The Clan shoes are quite stiff and provide excellent power transfer to the pedals. As a matter of fact, these are among the stiffest shoes in our review. Upon unboxing these shoes, we gave them the old hand flex. It was immediately apparent how stiff these shoes were.
On the trail, these shoes felt great. If your idea of fun is sending gaps and rowdy rock gardens, the Clan shoe will deliver plenty of support. Having a nice, substantial, shank between you, your pedals, and gnarly trail can be confidence-inspiring. On larger impacts, we didn't feel this shoe flexing over the pedals or folding at all. We even dropped a foot in some janky rocks a few times and this shoe offered more than enough protection.
When it is time to hammer on the pedals, the Clan maximizes the rider's energy and there is no power lost to sole flex when seated or standing. Given the weight and heft of this shoe, however, it isn't going to be the best choice for an all-day epic ride. That said, if you are putting the power down in an enduro or downhill race run, these shoes have your back.
Given the thicker, armored, design and the portly weight, it shouldn't come as a surprise that the breathability of the Clan wasn't particularly impressive.
The upper has a synthetic construction that is infused with some mesh inserts. The tightly-knit mesh covers the top of the toe box, much of the side of the shoe, and some of the instep. The main reason this shoe feels particularly warm is the general thickness of materials. It feels burly, though, and thick. None of these attributes lend themselves to great airflow. They aren't eggregiously hot, mind you, but if you're a heat-of-the-day rider or you live in a hot climate, they may feel a bit warm.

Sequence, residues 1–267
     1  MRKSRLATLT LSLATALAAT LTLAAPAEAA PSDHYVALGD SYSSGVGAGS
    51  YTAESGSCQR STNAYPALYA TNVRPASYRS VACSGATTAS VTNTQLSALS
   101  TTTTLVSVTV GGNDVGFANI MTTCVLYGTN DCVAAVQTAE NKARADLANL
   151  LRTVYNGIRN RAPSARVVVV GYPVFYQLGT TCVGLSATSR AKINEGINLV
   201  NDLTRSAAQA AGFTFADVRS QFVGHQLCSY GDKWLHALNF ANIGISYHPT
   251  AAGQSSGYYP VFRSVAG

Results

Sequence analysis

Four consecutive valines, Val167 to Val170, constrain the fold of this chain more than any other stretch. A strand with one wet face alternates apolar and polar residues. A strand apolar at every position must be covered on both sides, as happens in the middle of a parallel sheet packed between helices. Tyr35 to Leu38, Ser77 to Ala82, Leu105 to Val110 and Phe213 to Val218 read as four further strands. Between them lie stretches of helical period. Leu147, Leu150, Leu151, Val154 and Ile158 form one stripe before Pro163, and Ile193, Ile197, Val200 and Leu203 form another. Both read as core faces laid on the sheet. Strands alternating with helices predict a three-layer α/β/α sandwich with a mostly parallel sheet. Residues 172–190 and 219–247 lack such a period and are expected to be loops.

Throughout testing, we didn't observe any signs of premature wear or damage. The soles are well bonded to the uppers and all of the stitching remains in perfect shape. The softer rubber used in the sole does show some early signs of wear from the pedal pins, but it doesn't seem worse than other shoes with similar levels of grip.
Northwave appears to have made some thoughtful design decisions regarding the construction of the Clan. The welded, reinforced areas have a very substantial feel and look like they are built to last. Stitching is not found in the highest-wear areas that contact the cranks, pedals, and trailside obstacles most frequently. All of the shoelace eyelets are also reinforced to prevent stretching or blowouts from repeated use. This feels like a tough shoe that should have at least and average lifespan.
Our size 11, Euro size 44, test pair hit the scales at an average weight of 487-grams, or 17.2-ounces, per shoe. That makes it the heaviest model we tested. Given its gravity fed intentions, we don't believe the weight should be a serious deterrent.
If your idea of fun is a 4-hour trail ride, however, this probably isn't the best shoe for you. There are lighter and more sleek options available. If you fancy some shuttle runs, hit up the bike park here and there, and like to air it out, the Clan could be your shoe.
The Clan delivers a strong value for the right buyer. If you're looking for a shoe that specializes in gravity-fed riding and delivers excellent grip, power transfer, and foot protection, this could be the shoe for you. It carries an average price tag but is built to last and should be able to sustain multiple seasons of abuse.
The Northwave Clan is an excellent shoe for gravity-oriented riding. This is not the shoe for the average trail rider who prioritizes light weight and breathability. That said, if riding downhill, rough trails, and sketchy jumps are your idea of fun, this could be the shoe for you. A very substantial and protective feel is paired with excellent grip and power transfer making these shoes ready to charge as hard as you are.
— Jeremy Benson